A guide for moving to Spain
It’s never an easy feat to move to a new country, and while the process can be streamlined by your new company, doing your own research and preparation is essential....
For healthcare professionals living and working in the Middle East, it can sometimes be a daunting prospect to relocate to the UK, particularly if they are trying to find a new position. It’s common for some to have fears or reservations about whether potential employers will view their recent experience as transferable to the UK Healthcare market, or if they will be able to adapt to a constantly changing healthcare system – either in the NHS or private sector.
Cavendish Professionals regularly assists professionals returning from the Middle East, and we recently conducted a Q&A with one of our Senior Nursing professionals, Andrea Reed, to provide a real life account of her experiences throughout this process.
I initially had an urge to travel and see a bit more of the world and then the opportunity came up to go and work over in the UAE. I had heard that the quality of life in both work and on a personal level was good for expats. I managed to source a good job within a Trauma Intensive Care Unit, which was under the management of a western company.
After 7 years of being there I had completed what I had set out to achieve in my previous post, which involved the commissioning of a new hospital in Abu Dhabi. Therefore, it was time for a fresh start and I wanted to be closer to my family.
When searching for a new position, what were the different sources you used to find a job in the UK?
I used a variety of sources including the LinkedIn Jobs application and looked into a selection of healthcare recruitment agencies to see what jobs were available in different parts of the UK. I also looked directly at the different NHS trusts in the areas of the UK that I was interested in working and living in.
I was prompted to look at positions in London, as it was a city that I had always wanted to live and work in, plus the job opportunities were on a greater scale than those available within somewhere like the North East.
Some jobs I had applied for requested a face to face interview, which at the time was not convenient for me.
For my current post, I was able to have a Skype interview which was great. It lasted approximately an hour and I was able to discuss the interview process with my recruiter the day before, which was very reassuring and supportive.
I think the most challenging factors regarding relocation from the UAE was the closure of all my accounts and finalisation of my life in the Middle East. Fortunately, I gave myself approximately 5 weeks after completing my job there to organise everything in preparation for my relocation.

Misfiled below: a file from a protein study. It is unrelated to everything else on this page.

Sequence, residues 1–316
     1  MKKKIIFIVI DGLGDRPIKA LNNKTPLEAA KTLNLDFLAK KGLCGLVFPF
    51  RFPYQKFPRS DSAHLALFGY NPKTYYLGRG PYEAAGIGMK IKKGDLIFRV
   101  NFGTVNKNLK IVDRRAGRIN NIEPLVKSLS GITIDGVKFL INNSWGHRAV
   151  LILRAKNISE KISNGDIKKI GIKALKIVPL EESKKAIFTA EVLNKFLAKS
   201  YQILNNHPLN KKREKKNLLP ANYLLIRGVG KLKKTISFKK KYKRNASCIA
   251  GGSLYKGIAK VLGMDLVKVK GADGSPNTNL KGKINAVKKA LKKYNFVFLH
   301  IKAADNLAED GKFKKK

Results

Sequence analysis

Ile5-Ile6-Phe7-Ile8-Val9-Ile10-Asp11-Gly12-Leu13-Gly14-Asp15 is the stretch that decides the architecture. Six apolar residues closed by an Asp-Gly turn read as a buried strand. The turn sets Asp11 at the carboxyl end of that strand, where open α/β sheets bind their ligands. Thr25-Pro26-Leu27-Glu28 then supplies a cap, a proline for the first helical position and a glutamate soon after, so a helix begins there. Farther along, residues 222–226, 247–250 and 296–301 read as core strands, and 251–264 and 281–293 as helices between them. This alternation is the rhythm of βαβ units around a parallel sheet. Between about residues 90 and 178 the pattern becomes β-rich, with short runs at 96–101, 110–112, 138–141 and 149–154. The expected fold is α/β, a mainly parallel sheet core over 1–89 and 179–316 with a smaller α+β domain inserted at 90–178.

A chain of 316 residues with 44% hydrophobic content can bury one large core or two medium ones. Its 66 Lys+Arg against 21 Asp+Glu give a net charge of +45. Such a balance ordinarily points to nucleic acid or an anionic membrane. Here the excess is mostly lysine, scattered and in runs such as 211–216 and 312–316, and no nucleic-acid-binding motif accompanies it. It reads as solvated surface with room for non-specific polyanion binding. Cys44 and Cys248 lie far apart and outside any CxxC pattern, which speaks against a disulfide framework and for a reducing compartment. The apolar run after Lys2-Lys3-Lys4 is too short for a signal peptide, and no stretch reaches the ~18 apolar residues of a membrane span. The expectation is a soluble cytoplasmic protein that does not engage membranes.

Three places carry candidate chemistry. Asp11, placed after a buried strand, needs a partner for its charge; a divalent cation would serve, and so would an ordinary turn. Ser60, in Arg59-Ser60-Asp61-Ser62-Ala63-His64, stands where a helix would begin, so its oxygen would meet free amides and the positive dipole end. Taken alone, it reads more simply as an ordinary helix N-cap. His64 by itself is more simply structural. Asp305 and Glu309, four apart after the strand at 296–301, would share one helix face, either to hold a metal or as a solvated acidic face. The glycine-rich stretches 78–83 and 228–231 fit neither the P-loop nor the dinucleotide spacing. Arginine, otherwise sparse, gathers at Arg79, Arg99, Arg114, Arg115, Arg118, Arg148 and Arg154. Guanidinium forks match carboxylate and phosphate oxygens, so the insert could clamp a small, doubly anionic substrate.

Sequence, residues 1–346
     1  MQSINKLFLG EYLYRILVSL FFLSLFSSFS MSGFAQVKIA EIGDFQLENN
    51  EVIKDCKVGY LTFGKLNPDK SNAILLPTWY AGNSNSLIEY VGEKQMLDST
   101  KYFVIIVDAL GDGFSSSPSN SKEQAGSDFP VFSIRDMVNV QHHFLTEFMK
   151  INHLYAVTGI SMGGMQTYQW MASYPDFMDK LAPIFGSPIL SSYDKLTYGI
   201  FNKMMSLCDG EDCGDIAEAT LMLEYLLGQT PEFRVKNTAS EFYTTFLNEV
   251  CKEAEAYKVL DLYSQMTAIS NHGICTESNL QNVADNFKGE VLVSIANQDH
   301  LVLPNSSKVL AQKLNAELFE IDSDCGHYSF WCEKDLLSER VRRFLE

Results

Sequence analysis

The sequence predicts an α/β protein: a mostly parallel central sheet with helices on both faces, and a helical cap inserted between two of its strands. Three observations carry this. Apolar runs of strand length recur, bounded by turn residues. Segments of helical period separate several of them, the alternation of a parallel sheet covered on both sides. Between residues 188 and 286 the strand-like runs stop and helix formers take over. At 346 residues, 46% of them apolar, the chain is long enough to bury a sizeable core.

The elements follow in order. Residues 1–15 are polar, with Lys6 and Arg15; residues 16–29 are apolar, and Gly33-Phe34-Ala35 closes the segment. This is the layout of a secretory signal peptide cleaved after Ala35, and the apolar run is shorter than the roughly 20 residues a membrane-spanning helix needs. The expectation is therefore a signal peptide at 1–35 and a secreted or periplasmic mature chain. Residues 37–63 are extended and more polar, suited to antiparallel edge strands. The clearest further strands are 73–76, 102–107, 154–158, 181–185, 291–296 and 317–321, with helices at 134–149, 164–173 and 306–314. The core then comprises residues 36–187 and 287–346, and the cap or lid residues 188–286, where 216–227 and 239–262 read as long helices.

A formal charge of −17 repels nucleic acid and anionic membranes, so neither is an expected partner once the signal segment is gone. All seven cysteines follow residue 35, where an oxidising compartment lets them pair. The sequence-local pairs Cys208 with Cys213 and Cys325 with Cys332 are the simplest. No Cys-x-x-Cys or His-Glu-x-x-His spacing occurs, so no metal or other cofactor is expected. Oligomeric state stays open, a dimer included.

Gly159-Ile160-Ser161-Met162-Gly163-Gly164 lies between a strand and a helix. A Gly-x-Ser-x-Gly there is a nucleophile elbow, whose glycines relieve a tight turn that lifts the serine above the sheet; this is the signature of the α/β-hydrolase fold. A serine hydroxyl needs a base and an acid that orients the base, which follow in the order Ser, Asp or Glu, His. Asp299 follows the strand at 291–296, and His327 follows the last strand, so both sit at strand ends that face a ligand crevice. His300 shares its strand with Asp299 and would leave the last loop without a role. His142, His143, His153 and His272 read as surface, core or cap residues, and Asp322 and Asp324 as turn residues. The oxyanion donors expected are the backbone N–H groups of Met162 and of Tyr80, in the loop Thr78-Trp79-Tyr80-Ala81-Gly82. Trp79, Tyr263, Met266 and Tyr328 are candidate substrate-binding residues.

I used a relocation agency to assist me with finding a new apartment and sourcing the most appropriate area of London to live in, based on my budget and on my new place of work. This was definitely money well spent as it took a lot of pressure off me when I first arrived in the UK.
I worked a lot of long hours in the UAE, a basic working week can be up to 48hrs and more, especially within my last role commissioning new departments within a new hospital.
Within the role I have now, I feel I have more time to explore and enjoy London and get to go visit my family in the North East. I am also enjoying the short journey to work. Team dynamics are different in my new post.
An example of this is that the consultants are all very approachable and the MDT work extremely well together, which sometimes can be a little disjointed in the UAE. However, you do learn to adapt around these issues and manage them to the best of your ability.
I miss the warm weather, my friends and my previous staff members, as they were a fantastic professional group of characters.
Naturally, one thing I do miss is the extra money I earned working out there. However, I am very happy to be back in the UK and working in my present role.
Yes definitely. I gained some amazing managerial skills whilst in the Middle East and learnt a lot about the varying cultures of healthcare professionals that I worked with and cared for.
All skills are transferable no matter where in the world you work, as healthcare is a forever changing and developing profession.
Yes, obviously 7 years have passed but locating to the Middle East was quite difficult within healthcare.
It has now been developed further and western companies have realised that they need to create a more supportive environment in order to retain staff.
I would recommend that healthcare professionals start looking approximately 2 months before they plan to leave their present place of work. This gives them time to ensure that they are happy with that relocation destination and also gives them time to find the right job – instead of just any job.
I had a great experience using Cavendish Professionals’ recruitment consultants, it was probably one of the best experiences I have had throughout the whole time of sourcing jobs in both the Middle East and in the UK. They give you their time, answer all questions thoroughly and offer support on all levels, which is great. Overall an excellent service from an excellent team.